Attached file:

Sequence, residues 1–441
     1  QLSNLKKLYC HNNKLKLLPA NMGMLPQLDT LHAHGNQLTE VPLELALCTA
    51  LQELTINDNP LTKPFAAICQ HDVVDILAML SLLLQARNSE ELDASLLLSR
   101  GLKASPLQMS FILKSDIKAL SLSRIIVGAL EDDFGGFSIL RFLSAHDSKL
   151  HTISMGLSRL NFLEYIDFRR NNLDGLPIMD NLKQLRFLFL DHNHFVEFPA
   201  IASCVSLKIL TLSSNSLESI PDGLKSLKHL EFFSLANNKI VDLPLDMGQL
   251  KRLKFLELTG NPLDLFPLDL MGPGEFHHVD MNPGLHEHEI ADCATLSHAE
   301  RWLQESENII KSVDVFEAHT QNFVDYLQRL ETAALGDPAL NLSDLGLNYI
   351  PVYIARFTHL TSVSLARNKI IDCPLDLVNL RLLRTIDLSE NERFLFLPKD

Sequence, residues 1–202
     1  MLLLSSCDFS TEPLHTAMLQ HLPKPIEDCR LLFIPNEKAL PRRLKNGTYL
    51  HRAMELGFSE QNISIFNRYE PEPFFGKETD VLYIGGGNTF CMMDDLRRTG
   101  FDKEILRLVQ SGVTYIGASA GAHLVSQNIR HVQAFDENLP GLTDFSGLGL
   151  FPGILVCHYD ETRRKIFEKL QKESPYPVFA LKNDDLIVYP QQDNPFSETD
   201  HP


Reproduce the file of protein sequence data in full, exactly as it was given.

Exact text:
Sequence, residues 1–441
     1  QLSNLKKLYC HNNKLKLLPA NMGMLPQLDT LHAHGNQLTE VPLELALCTA
    51  LQELTINDNP LTKPFAAICQ HDVVDILAML SLLLQARNSE ELDASLLLSR
   101  GLKASPLQMS FILKSDIKAL SLSRIIVGAL EDDFGGFSIL RFLSAHDSKL
   151  HTISMGLSRL NFLEYIDFRR NNLDGLPIMD NLKQLRFLFL DHNHFVEFPA
   201  IASCVSLKIL TLSSNSLESI PDGLKSLKHL EFFSLANNKI VDLPLDMGQL
   251  KRLKFLELTG NPLDLFPLDL MGPGEFHHVD MNPGLHEHEI ADCATLSHAE
   301  RWLQESENII KSVDVFEAHT QNFVDYLQRL ETAALGDPAL NLSDLGLNYI
   351  PVYIARFTHL TSVSLARNKI IDCPLDLVNL RLLRTIDLSE NERFLFLPKD

Sequence, residues 1–202
     1  MLLLSSCDFS TEPLHTAMLQ HLPKPIEDCR LLFIPNEKAL PRRLKNGTYL
    51  HRAMELGFSE QNISIFNRYE PEPFFGKETD VLYIGGGNTF CMMDDLRRTG
   101  FDKEILRLVQ SGVTYIGASA GAHLVSQNIR HVQAFDENLP GLTDFSGLGL
   151  FPGILVCHYD ETRRKIFEKL QKESPYPVFA LKNDDLIVYP QQDNPFSETD
   201  HP